The active and meaningful threat of private enforcement, with its potential treble damages, award of attorneys fees, and unenforceability of important intellectual property rights in which companies have invested heavily, should continue to play a predominant role in the overall enforcement scheme against anticompetitive misuse of intellectual property rights. Together with policy-generating activities of the agencies, private enforcement has cautioned companies not to include overly restrictive or anticompetitive provisions in licenses. And that motivation continues today unabated.
Moreover, while federal antitrust enforcement has served as a complement to private enforcement during this time period, the overall development of the case law has continued to focus on a "rule of reason" analysis for intellectual property licensing. That is essentially the same result that the agencies' Guidelines adopt.
Thus, we see no changes in the competitive environment that would warrant changing the federal antitrust agencies' enforcement role for intellectual property licensing. That does not mean that we believe that the federal antitrust agencies should simply disappear insofar as intellectual property licensing is involved. Rather, we view the agencies' proper role as standing ready to enter in special situations that may arise where private litigation, for some reason, cannot or does not take care of the problem.
Perhaps most importantly, increasing federal government enforcement efforts in the intellectual property area, unless it is warranted, can have negative effects.
The intrinsic value of intellectual property is in its limited right to exclude others from limited and carefully circumscribed areas. Intellectual property rights protect investments for only limited periods of time, and often are licensed to others. In this way, intellectual property protection encourages investment in innovation and disclosure of developments. Moreover, by affording protection, intellectual property laws spur competitors to innovate around the protected property and to make advances in alternative and often superior technologies.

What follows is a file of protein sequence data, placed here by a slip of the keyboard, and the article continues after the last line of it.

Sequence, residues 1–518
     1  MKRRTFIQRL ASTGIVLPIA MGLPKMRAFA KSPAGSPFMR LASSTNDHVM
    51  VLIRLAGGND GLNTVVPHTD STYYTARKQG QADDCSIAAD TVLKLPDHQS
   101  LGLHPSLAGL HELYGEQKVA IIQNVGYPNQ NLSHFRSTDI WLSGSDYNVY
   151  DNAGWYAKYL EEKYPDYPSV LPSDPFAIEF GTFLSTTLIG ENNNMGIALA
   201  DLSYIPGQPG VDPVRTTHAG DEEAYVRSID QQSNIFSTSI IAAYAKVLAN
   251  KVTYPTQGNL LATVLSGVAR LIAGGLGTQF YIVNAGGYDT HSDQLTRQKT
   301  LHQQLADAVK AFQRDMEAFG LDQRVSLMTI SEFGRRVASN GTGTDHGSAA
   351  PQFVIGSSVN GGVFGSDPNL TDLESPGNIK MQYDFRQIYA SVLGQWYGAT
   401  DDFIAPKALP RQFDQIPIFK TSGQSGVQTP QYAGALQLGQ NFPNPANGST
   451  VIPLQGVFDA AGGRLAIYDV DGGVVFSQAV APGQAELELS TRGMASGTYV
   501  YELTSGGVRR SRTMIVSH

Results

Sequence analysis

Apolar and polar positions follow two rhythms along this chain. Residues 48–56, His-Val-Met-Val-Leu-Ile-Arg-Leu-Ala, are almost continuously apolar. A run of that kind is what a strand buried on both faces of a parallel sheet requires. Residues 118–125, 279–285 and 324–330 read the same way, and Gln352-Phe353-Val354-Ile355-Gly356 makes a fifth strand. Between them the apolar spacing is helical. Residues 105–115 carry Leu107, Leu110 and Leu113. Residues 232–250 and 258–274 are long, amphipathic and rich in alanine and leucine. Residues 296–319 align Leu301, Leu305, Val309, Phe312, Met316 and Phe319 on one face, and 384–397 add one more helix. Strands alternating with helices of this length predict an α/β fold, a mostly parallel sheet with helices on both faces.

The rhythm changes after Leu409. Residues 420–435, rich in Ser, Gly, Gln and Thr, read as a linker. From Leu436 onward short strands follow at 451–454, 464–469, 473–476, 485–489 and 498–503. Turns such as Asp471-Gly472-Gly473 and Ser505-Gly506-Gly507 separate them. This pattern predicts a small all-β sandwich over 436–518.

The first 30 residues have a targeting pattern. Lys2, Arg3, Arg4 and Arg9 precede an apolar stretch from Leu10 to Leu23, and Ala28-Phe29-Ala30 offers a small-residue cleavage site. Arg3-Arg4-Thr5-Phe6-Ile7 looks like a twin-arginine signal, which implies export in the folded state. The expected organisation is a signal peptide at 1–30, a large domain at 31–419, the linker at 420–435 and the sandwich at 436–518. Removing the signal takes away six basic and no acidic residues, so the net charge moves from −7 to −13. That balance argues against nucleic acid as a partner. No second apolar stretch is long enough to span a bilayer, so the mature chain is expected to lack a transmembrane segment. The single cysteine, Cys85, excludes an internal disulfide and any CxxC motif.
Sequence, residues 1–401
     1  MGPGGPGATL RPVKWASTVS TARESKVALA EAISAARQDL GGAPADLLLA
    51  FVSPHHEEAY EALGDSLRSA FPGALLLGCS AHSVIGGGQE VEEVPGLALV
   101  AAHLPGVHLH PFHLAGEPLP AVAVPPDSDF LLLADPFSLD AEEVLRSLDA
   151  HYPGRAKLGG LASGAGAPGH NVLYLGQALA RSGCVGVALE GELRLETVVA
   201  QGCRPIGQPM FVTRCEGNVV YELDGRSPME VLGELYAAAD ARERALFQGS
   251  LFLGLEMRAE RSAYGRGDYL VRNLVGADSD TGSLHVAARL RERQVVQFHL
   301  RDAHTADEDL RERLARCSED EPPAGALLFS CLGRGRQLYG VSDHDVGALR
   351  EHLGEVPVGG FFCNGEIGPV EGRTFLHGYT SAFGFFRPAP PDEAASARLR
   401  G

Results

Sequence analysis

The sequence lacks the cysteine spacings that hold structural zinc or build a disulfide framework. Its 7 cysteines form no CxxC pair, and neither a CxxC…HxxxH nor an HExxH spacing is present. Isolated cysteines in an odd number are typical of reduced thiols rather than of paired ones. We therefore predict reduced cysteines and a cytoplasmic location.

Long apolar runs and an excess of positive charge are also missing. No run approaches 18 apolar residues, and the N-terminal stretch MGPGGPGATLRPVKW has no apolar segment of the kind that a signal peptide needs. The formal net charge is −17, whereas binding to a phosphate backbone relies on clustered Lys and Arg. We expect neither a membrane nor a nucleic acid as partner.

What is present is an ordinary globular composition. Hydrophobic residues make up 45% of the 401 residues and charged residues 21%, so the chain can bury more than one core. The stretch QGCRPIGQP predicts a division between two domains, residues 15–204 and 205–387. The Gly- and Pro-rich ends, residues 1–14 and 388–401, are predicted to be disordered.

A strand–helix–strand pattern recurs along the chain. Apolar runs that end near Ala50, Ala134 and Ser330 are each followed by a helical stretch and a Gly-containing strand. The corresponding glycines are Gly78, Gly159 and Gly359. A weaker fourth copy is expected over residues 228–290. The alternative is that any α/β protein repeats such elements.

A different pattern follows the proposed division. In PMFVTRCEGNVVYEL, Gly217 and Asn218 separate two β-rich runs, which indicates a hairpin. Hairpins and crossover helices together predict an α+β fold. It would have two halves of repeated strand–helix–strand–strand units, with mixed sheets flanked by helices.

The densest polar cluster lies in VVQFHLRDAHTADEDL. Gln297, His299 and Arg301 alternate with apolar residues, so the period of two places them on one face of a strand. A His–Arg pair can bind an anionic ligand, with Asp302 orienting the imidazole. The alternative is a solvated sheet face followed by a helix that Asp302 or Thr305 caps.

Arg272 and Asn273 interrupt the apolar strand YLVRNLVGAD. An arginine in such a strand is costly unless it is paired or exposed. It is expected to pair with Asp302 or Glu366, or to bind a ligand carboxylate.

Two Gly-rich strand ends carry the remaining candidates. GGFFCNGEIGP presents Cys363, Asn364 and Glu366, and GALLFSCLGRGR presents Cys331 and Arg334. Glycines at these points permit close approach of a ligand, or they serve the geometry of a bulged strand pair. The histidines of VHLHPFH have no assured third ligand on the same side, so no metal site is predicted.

The federal agencies could undercut that value by significantly increasing antitrust enforcement beyond the current level that private litigation already provides. A significantly lowered trigger-point for enforcement investigation and litigation by the federal agencies, and the associated costs, might simply diminish the value of intellectual property to a degree that it would not encourage needed investment in innovation. Moreover, it could either dissuade potentially willing licensors from licensing altogether, or influence licensors to employ licensing provisions that are less efficient and perhaps ultimately provide less value from their intellectual property investments.